Institutional investors recently had a perplexing time analyzing impacts of the US-Canada tariff wars and watching the federal government’s acquisition of Trans Mountain pipeline. However, of potentially equal impact, during the same period, yet drawing much less attention, was the Canadian Securities Administrators (CSA) April release of CSA Staff Notice 51-354: Report on Climate Change-Related Disclosure Project that highlighted understanding – or more precisely – misunderstanding of materiality of climate change and extreme weather risk by issuers.
Notably, CSA found that Canadian issuers are most concerned with climate change as a regulatory risk, often related to a carbon tax, and not as a physical impact that may create stranded assets, or otherwise impact the continuity of business operations. It is this later area where material climate and extreme weather risk resides (Figure 1).
Figure 1: The types of climate change-related risk disclosure provided by Canadian issuers (2018)
Source: CSA Staff Notice 51-354: Report on Climate Change-Related Disclosure Project
The CSA report noted “other [than regulatory] climate change-related information is either not material, or is currently so uncertain or remote that its ultimate materiality and financial impact cannot be assessed or quantified at the present time.”
This perception is ill-informed, considering that floods, wildfires and other natural disasters continue to dominate the news from coast to coast in Canada.
More specifically, the costs of extreme weather events in Canada, measured in catastrophic insurable losses for property and casualty insurance sector from January to May 2018, have already exceeded $800 million (as per Insurance Bureau of Canada). In addition to insurable losses, extreme weather events caused supply chain and business disruptions, and forced a series of emergencies and evacuations. Research from the Intact Centre on Climate Adaptation finds that basement flooding can cause impacted homeowners to miss an average of 7 days off work.
The cost of this can add up – in two weeks following June 2013 Southern Alberta floods, approximately 5.1 million hours of work were lost, which also resulted in $485 million of lost economic output by the private sector.
Since the impacts of extreme weather bear economic significance, issuers, who fail to manage and disclose this risk, are passing it on to their investors. But why is this happening?
One explanation is that climate risk management is complex and relies on the coordinated use of at least three skill sets – climate science, industry-specific operational expertise, and financial acumen (Figure 2), which to date have not been integrated.
Figure 2: Necessary combination skill sets for issuers to assess climate change risk
Source: Intact Centre on Climate Adaptation, June 2018
The first skill set is that of climate science, which enables organizations to assess present-day and projected climate conditions, such as changes in average and extreme temperature and precipitation. Off-the-shelf and custom technology solutions are available to assess the possible physical impact of changing climate and extreme weather events on single assets or entire portfolios. This type of assessment is routinely performed by insurance and reinsurance providers on a range of perils.
industry-specific operational expertise
The second skillset is that of industry-specific operational expertise, which would enable organizations to relate climate science to operational impacts (i.e., identify best practices to manage climate risk and uncover emerging opportunities). Some industry associations in Canada are leading this role – for example, the Canadian Electricity Association, amongst others, is working with the Canadian Standards Association (Canada’s largest standards development organization) to develop a climate change and extreme weather adaptation standard for Canada’s electricity transmission and distribution sector. Other industry associations can develop similar guidance for their members, as well as identify business opportunities that change climate may convey (e.g., extended growing seasons for certain crops may be an opportunity for the agricultural sector in Canada – but what are the enabling technologies and processes to unlock these opportunities?)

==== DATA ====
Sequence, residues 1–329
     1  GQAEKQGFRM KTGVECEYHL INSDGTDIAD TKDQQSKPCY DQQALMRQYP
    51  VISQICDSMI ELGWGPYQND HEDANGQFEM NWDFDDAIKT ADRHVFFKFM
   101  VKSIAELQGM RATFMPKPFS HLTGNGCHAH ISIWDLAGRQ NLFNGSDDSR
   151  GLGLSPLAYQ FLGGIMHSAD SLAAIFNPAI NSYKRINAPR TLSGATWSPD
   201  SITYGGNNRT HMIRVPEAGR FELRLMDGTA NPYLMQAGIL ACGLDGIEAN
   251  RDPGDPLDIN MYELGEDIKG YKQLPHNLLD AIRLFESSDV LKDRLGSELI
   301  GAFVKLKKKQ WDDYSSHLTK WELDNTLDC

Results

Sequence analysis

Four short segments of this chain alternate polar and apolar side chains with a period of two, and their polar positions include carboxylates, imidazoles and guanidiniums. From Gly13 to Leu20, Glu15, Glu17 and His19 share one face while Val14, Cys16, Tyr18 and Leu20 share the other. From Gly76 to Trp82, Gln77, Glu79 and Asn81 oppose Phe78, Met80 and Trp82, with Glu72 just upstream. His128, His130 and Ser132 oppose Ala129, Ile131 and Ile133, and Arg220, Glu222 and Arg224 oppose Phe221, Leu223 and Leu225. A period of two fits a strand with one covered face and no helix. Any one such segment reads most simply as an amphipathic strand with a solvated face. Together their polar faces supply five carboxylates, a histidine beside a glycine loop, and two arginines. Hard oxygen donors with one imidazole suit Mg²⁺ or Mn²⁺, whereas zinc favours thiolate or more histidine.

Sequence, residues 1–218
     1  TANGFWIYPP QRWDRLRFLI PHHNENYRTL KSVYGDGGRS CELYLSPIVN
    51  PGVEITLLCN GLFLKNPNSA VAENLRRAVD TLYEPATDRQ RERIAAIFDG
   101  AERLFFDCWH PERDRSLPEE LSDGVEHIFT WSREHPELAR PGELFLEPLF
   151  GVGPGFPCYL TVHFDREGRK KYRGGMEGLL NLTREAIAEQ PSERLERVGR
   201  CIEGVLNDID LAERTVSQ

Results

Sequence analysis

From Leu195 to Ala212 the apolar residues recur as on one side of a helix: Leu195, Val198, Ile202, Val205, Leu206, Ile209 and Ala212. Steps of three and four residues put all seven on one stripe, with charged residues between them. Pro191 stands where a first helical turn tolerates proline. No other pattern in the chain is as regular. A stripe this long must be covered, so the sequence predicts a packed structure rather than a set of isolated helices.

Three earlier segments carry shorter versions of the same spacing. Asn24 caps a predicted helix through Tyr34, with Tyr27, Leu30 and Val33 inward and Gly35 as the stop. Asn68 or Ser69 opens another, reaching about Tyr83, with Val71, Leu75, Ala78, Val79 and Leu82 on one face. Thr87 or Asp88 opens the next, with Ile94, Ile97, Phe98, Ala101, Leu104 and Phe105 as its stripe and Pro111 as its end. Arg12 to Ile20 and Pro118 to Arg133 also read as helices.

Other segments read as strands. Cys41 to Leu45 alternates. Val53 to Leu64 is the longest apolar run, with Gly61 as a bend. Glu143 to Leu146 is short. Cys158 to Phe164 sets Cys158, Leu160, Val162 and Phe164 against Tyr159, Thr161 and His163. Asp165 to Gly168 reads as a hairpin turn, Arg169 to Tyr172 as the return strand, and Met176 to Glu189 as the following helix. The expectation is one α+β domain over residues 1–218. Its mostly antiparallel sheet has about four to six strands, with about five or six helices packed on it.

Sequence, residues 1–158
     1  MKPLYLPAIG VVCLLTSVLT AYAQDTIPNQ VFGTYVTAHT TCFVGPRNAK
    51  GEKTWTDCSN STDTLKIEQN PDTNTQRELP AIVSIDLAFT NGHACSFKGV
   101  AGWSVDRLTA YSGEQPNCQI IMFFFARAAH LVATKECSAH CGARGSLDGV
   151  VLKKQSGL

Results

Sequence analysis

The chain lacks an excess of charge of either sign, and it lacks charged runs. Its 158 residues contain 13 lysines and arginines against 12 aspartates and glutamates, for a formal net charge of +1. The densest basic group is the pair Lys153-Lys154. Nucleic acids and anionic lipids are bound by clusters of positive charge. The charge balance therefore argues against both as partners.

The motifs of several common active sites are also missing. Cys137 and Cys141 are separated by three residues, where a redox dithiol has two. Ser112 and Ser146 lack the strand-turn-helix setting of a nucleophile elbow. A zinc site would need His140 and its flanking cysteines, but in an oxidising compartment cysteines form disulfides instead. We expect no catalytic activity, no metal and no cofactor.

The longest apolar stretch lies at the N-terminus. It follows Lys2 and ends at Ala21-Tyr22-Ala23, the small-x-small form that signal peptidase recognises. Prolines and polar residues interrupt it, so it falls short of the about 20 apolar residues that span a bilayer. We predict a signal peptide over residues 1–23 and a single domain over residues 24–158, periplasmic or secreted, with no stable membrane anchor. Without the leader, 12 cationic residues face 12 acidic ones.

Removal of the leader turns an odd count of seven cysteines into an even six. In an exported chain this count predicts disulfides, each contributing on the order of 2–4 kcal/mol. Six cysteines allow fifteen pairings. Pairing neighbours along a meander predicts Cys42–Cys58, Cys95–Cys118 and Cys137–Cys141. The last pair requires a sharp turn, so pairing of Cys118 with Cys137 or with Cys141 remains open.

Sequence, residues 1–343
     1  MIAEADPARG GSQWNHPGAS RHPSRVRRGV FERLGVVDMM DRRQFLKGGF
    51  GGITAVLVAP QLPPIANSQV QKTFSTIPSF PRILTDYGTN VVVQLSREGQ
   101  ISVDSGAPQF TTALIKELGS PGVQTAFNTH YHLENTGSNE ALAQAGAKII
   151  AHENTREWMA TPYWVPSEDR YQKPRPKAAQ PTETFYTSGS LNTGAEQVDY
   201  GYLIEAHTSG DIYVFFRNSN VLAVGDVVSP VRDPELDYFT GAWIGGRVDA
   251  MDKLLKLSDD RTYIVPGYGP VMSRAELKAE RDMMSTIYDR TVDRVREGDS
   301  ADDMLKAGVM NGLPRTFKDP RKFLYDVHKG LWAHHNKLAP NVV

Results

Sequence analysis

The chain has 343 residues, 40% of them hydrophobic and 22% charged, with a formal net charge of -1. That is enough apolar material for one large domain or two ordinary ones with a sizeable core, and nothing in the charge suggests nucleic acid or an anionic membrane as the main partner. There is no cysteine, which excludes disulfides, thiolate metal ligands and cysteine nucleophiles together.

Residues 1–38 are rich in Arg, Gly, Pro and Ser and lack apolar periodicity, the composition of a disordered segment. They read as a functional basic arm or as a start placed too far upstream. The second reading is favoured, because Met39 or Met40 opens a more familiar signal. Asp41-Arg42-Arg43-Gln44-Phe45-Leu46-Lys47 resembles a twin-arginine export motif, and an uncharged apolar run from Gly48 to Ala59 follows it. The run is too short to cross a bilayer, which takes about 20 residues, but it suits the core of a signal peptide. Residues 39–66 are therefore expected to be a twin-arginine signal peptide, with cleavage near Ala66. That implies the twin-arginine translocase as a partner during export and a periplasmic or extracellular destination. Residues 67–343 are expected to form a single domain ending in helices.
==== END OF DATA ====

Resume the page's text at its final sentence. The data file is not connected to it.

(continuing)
Strategic decisions and financial analysis
Lastly, climate science and industry-specific operational expertise must be incorporated into strategic decisions and financial analysis, requiring board-level engagement on the file. In 2017, CPA Canada published a report that outlined 20 questions for boards of directors to ask in overseeing organizational risk management, business strategy and performance in the context of climate change. However, many directors think that environmental, social and governance (ESG) issues may not be material to their companies. Indeed, PwC’s 2017 Annual Corporate Directors Survey found that 40% of directors don’t think climate change should play a role in informing company strategy. More climate-informed expertise at the board level may help to address this gap – especially in a time when institutional investors are focusing on ESG as a long-term governance issue.
The reason climate change and extreme weather challenges are still not incorporated on scale into business operations and financial reporting is simple – historically, extreme weather has not been a challenge. However, the weather of the past is not a predictor of the weather of the future. As a result, business needs to adapt to this new stress, with the same level of commitment that is allotted to, for example, assessing the impact of tariff disputes or cyber-security vulnerability.
Natalia Moudrak is director of the Infrastructure Adaptation Program at the Intact Centre on Climate Adaptation.